Other Factors

This content was originally featured on Amdmb.com and has been converted to PC Perspective’s website. Some color changes and flaws may appear.

The other factors to consider deal primarily with the impact of exposing various materials to liquid and keeping “bugs” out of your fluid. Some polymers tolerate exposure to water better than other polymers. Some additives may cause a given polymer to fail when pure water would not. Some metals may suffer corrosion when there is a conductive path connecting them. Some water sources are less pure than alternative sources.

The most common tubing materials of silicone and vinyl each handle water and typical additives without trouble. I personally prefer clear tubing because you can visually see the condition of the fluid.

Water cooling components frequently include both copper and aluminum. Because of their different electron configurations, copper will corrode aluminum when there is a conductive link between the two. Numerous additives are available that greatly reduce the rate of corrosion and may often be found at your local auto parts store. Anodizing of aluminum components also greatly reduces the rate of corrosion.

If you have anything other than a single metal present, you should use distilled water with an anti-corrosion additive. Various anti-corrosion additives are available at most auto supply stores. Use of tap water may be fine, but depending on where you live the quality of the tap water may be pretty poor. Contaminants like minerals and bacteria may cause deposits to form that hinder performance.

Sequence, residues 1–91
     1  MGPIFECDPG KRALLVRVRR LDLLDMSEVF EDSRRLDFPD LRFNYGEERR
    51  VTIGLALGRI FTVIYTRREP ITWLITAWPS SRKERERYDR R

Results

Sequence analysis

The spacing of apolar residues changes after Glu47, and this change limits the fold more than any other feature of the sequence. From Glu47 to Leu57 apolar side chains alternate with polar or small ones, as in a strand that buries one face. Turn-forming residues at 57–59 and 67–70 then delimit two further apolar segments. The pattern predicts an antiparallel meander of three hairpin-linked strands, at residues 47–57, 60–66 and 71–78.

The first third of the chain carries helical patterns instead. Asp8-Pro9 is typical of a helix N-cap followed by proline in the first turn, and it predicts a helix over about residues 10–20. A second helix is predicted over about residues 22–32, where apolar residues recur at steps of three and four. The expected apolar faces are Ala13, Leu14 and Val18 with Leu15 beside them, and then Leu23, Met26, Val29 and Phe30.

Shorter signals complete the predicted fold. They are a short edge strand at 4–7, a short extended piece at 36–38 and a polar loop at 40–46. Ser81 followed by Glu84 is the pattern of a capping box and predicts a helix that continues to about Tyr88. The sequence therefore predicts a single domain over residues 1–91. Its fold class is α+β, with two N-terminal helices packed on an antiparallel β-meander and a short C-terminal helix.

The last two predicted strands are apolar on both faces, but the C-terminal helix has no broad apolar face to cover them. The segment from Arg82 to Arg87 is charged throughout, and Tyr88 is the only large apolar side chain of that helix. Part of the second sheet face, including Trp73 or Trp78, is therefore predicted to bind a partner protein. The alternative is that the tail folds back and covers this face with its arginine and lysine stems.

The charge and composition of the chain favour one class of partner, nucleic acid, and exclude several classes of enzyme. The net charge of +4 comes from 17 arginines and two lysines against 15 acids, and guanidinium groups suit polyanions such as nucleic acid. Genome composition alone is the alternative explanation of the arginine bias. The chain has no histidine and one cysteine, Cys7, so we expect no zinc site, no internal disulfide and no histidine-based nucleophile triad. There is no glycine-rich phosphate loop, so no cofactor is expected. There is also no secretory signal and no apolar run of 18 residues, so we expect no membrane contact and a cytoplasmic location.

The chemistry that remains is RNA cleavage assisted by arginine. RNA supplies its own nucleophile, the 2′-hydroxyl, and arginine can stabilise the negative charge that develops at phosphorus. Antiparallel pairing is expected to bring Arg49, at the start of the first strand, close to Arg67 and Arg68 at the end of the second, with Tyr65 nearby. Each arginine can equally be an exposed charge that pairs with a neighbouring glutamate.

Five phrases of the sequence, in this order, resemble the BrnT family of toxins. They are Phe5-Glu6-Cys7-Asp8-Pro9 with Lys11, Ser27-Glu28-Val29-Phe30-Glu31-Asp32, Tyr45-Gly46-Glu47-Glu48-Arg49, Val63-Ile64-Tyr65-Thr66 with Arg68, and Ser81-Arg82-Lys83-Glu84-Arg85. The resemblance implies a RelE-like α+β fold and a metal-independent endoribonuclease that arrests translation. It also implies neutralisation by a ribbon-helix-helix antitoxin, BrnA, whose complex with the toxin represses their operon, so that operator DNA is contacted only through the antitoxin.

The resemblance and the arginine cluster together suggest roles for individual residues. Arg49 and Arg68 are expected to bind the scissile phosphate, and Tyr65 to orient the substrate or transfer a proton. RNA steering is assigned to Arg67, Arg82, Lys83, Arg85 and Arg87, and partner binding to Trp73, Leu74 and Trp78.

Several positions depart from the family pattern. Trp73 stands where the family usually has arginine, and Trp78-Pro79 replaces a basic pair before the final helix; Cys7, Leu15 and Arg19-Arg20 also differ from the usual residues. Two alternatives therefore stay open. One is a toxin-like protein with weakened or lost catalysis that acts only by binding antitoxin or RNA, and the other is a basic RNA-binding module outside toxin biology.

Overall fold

A blend of water and anti-freeze is an acceptable substitute for “anti-corrosive water wetters”, but should generally be avoided. The main reason is the effect anti-freeze has on viscosity and heat transfer properties. Anti-freeze really does not possess a very good combination of properties at the temperature range that a water cooling system would operate. It really excels in its ability to deal with temperatures ranging from –20°C to 120°C. This range occurs frequently in cars around the world, but not too often in computers. If you absolutely can not find an anti-corrosion additive and must use anti-freeze, use no more than 25% anti-freeze to 75% water.

The temperature of fluid in a computer cooling system lends itself well to harboring various bacteria and algae. I generically refer to anything that grows in the system as “bugs”. Green algae rely on light for photosynthesis. Simply eliminating light prevents algae from growing. If your system is entirely within the case, algae should pose not problem. If some tubing resides outside the case, you may wrap it in an opaque material to block light. This also has the effect of making a visual check of your fluid difficult.

Perhaps the easiest and most widely available means of controlling both algae and bacteria is bleach. One ounce per gallon of standard laundry bleach is enough to ward off bugs for a long period. For you metric folks, that’s about 8 milliliters per liter. I recommend against using more as chlorine also tends to attack some metals and plastics. PVC tubing resists chlorine attack quite well while silicone breaks down under high chlorine concentrations. If your system is completely sealed, a single chlorine treatment may last indefinitely. If your system is open to atmosphere, you may need to dose it every couple of weeks. For open systems, if you can no longer smell chlorine and begin to see indications of contamination then it’s time for another dosing.

Bleach is not the only means of controlling algae and bacteria. There are a plethora of other chemicals used to keep pools and ponds free of algae and bacteria. Feel free to research these options before deciding on a means to keep your system operating cleanly.

« PreviousNext »